In the above example, the values stored/taught will be relative to 'frame'.

    ie how far am I'm away from frame and assign those values to point - like an offset of frame.


    Just like JMOVE table+plate+food

    'Lift the table, place it somewhere else, and the plate and food follow it'

    'Move the food around the plate and it wont move the plate or the table'

    Sorry it's late for me, best analogy I can come up with...….

  • You've got it...……..:top:

    But in that case, in order to move to it, they do have to be predefined/taught already.

    As the compound instruction is 'Move to the result of the calculation'.

    Sometimes this is where the confusion comes in.


    Have a look Motouser thread post #7 FRAME in AS language


    He has written a very nice AS structure there to create user frames using compound iterations based on locations for the frame (including some offsets) they will teach/predefine elsewhere.

    The good thing about what they've done - it reads very easy in order to follow it if you know the AS behind it.

  • As you've posed the question:

    I've been tasked with writing a short document on creating and updating existing block programs to new fixtures.

    You have got my 'grey matter' tickling me regarding this in relation to an optional function called Data Transformation function (There is information to this in the E Controller Operations Manual).


    This function I have never used, nor have I have dedicated anytime to researching into it.

    But with your 'frame' referencing, it has got my thinking.


    Now I have not read too much into this option, but it relates to 'transforming' offline to online referencing a 4 point area and it does refer to offline CAD data from a simulator.

    Now if this is referring specifically to Kawasaki simulator (KROSET), it may well also be referring to the initial positional data being produced from a Block Program.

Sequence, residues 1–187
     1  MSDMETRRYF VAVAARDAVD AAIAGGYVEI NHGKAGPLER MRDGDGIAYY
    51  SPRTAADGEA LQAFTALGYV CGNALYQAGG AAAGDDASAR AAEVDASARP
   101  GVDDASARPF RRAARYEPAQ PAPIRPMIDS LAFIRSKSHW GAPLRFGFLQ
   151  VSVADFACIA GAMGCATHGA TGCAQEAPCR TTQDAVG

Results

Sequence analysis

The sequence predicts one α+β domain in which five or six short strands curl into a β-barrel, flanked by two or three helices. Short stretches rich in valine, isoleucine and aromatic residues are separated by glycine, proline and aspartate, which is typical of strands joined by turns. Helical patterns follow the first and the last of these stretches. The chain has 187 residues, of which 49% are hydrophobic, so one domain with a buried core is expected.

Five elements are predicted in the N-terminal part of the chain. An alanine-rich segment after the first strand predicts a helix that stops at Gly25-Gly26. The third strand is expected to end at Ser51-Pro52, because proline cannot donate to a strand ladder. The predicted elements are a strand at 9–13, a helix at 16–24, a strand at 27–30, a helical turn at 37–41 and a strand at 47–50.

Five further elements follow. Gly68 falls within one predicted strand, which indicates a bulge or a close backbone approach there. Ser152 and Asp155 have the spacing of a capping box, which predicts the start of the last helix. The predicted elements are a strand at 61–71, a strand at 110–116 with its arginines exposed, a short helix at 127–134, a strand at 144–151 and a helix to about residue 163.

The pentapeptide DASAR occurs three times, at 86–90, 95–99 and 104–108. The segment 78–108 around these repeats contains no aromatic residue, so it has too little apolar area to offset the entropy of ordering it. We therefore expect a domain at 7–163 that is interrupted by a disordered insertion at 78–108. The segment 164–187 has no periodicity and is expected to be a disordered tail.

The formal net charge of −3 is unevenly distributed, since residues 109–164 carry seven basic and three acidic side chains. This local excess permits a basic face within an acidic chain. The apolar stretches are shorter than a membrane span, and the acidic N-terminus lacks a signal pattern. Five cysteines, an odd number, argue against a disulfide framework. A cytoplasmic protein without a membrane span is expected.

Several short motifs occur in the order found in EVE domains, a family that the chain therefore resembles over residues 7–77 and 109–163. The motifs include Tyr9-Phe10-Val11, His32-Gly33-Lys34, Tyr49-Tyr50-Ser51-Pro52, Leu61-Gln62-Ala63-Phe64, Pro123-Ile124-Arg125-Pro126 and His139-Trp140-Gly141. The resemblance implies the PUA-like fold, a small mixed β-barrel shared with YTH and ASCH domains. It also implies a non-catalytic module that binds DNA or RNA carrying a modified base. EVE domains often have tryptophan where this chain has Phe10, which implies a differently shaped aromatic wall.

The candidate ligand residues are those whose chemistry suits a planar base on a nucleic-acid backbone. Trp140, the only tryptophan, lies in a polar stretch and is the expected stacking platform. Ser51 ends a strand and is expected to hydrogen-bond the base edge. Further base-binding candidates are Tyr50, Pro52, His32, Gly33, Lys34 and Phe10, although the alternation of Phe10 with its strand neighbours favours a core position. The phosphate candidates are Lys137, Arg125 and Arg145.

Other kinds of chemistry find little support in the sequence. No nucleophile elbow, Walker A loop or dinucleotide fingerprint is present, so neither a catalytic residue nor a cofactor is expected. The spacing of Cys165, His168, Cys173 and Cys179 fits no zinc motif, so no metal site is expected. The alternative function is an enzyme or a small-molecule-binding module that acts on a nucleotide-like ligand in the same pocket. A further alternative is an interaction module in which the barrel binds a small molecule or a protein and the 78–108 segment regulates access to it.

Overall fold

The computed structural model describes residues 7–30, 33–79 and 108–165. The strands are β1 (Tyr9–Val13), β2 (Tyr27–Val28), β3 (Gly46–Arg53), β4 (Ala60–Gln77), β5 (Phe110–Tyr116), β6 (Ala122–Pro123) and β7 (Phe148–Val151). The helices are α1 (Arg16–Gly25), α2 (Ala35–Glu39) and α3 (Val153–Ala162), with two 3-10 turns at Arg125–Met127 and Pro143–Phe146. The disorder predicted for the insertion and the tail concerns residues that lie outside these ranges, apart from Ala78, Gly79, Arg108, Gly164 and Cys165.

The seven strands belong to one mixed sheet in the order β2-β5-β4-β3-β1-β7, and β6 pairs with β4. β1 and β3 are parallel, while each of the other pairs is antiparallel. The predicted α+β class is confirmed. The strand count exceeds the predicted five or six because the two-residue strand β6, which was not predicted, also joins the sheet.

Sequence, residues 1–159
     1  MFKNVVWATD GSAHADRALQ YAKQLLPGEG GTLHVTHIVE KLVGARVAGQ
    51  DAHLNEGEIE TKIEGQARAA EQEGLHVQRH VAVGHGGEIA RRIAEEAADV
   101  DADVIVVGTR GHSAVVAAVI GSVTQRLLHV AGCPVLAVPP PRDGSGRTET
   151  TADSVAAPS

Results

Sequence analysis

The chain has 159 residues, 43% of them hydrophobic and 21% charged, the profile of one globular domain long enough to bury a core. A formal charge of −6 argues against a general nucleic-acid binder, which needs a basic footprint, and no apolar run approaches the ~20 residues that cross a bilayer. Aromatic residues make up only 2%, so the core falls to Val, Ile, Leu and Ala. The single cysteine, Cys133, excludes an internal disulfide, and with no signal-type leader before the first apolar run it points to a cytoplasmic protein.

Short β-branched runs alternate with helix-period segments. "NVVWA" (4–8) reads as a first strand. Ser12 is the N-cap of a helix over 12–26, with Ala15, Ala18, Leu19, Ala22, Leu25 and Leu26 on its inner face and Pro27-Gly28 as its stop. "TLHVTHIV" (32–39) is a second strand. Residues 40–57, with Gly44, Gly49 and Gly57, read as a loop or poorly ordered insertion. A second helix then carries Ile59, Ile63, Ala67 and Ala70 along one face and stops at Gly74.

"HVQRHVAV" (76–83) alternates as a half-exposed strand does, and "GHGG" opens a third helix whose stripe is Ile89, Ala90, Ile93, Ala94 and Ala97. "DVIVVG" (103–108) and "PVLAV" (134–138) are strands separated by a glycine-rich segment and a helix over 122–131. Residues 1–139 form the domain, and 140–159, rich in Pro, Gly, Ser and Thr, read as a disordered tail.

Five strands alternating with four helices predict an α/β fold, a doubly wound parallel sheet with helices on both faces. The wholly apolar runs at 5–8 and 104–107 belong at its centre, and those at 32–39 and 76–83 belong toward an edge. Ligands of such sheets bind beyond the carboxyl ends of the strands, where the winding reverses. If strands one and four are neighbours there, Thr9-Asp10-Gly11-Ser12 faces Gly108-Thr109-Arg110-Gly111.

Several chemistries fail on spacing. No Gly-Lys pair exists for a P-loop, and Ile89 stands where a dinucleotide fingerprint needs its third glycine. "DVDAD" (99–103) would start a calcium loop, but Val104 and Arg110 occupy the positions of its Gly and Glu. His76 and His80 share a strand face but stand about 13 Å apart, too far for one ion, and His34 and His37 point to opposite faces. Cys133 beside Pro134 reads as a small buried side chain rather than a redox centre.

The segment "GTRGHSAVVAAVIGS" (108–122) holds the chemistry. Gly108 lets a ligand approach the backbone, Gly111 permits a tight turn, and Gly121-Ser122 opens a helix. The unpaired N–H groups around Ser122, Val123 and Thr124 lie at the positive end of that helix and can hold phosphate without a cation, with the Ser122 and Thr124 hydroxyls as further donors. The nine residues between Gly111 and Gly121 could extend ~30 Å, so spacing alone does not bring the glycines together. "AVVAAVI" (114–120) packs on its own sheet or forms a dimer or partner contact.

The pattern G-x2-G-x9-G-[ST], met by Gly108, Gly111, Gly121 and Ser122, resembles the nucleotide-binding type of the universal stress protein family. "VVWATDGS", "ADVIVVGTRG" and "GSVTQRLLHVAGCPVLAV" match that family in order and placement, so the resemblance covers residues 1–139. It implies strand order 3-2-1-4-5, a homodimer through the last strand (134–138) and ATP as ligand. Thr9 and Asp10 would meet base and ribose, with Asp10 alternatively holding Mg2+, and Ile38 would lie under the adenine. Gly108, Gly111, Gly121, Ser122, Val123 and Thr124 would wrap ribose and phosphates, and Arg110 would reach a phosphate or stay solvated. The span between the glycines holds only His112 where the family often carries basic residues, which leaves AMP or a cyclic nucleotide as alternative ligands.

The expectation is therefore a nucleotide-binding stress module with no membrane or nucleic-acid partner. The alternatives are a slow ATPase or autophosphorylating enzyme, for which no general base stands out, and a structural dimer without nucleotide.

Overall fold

If this is indeed the case, then I could see this as a feasible option to assist in converting current Block to transforms.


    I'm going to have a deeper look into this and see what I can find out further as you've started my 'grey matter' thinking and let you know.

  • I think that idea is bust, as it reads, it just looks like another function that recalculates the original Joint values in the Block Step, to applicable ones for the base 4 points selected.

    Resulting in a correct Joint angle postures again...…..;(

  • Thanks for looking into it. I ended up going with the HERE command to convert the program into poses, and then using the FRAME command to update the BASE. FRAME done before the HERE command of course.

    Check out the Fanuc position converter I wrote here!

  • Ah right, so you created the Userframe and applied it to the BASE and then used the HERE command.

    Sounds good.

    With AS there's many variations you could use, I would of left the Base as it was, setup the Userframe location and then used the following instead:

    POINT userframe+pos[x]=HERE

    However, the results would end up being the same as your method, just applied differently.